'46, Chicago

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Overview

Chicago cop Gus Carson was bad, crooked, and dangerous before he went to war. But, having survived a Japanese submarine attack in the Pacic, he returns a changed man. So it is plain lousy luck that hes with a pretty hooker in a brothel when a gunman murders two people there. Old habits die hard, and Carson takes the gunman down, saving the state of Illinois the cost of a trial...and gets suspended from the police department for his good deed. Now, with few prospects and no cash, Carson accepts a job that smells ...
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'46 Chicago is a thrilling and page turning noir-like detective story, written by a new master of the game.

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Overview

Chicago cop Gus Carson was bad, crooked, and dangerous before he went to war. But, having survived a Japanese submarine attack in the Pacic, he returns a changed man. So it is plain lousy luck that hes with a pretty hooker in a brothel when a gunman murders two people there. Old habits die hard, and Carson takes the gunman down, saving the state of Illinois the cost of a trial...and gets suspended from the police department for his good deed. Now, with few prospects and no cash, Carson accepts a job that smells shy from jump street: an aspiring politician hires him to nd a kidnapped black racketeer. The hunt will send Carson on a dangerous ride through the city, where his life soon isnt worth the price of a beer. And for those who dont remember the 1940s, thats ve cents. A page-turning noir detective story, 46, Chicago proves Monroe to be a new master of the genre.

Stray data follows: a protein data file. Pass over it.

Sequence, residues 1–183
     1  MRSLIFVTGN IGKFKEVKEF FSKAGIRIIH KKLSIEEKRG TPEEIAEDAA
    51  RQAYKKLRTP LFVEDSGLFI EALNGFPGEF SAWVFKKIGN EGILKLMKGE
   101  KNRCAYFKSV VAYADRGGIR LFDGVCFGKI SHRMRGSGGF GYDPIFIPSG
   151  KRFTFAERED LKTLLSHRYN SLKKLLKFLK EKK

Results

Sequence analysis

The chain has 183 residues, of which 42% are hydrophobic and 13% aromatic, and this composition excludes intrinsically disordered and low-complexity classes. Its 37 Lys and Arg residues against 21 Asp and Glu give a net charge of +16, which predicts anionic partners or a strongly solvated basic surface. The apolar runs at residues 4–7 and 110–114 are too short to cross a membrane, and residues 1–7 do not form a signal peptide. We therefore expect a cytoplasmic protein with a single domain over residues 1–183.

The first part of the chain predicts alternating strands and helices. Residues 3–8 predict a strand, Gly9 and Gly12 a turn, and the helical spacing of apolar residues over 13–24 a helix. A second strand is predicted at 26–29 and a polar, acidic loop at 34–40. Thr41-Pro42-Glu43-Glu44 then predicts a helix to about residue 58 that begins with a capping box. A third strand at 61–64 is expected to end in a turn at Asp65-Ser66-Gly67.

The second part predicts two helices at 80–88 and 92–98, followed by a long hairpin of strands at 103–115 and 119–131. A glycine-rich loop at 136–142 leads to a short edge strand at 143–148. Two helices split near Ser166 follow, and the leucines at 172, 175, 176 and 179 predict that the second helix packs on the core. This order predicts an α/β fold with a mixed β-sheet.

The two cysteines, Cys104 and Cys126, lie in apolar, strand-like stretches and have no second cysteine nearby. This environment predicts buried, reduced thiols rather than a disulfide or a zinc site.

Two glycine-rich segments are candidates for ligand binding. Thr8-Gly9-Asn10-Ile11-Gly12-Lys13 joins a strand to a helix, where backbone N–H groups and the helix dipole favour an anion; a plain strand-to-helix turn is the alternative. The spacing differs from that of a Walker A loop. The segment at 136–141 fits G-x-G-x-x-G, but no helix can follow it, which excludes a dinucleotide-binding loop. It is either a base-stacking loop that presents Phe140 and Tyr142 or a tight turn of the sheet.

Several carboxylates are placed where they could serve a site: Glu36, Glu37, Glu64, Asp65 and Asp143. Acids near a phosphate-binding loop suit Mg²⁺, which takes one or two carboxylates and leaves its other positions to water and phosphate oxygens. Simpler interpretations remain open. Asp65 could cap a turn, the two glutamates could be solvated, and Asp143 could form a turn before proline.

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Editorial Reviews

Publishers Weekly
Tough-talking copper Gus Carson has been trying to walk the straight and narrow ever since he got back to Chicago after a tour in WWII, but a visit to a whorehouse proves his undoing when he kills a man whos just murdered a john and his gal and gets suspended from the force. Steve Monroes classic hard-boiler follows Carson through the citys underbelly in pursuit of a kidnapped swindler (whos also on the payroll of a political mover and shaker) before he uncovers the truth in a veritable bloodbath in 46, Chicago. Copyright 2002 Cahners Business Information.
Library Journal
Former bad cop Gus Carson must battle both criminals and his past in this well-crafted work of hard-boiled fiction from Monroe ('57, Chicago). Before going to fight in World War II, Carson was as corrupt as they come, but he's returned a changed man after watching his friends die. Soon after coming back, however, Carson is witness to a murder during a whorehouse tryst, eventually felling the shooter himself. Suspended from the force for his indiscretions, Gus is soon hired privately to track down a missing person. What seems a relatively simple kidnapping, however, soon turns into a complicated scheme involving numerous members of Chicago's high society. The action moves quickly, and Carson is a likable character despite some glaring flaws. Monroe not only manages to capture perfectly the flavor of 1940s Chicago but also writes in wonderfully spare prose. The obvious comparison is to James Ellroy, but Monroe deserves to have this one stand on its own. Recommended for public libraries. Craig Shufelt, Lane P.L., Fairfield, OH Copyright 2002 Cahners Business Information.
Kirkus Reviews